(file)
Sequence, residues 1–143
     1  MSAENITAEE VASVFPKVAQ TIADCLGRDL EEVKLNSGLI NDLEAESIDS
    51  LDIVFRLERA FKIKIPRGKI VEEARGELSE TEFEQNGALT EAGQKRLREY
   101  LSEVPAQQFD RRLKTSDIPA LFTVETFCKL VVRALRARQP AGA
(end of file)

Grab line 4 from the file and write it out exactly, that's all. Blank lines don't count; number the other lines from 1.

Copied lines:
   101  LSEVPAQQFD RRLKTSDIPA LFTVETFCKL VVRALRARQP AGA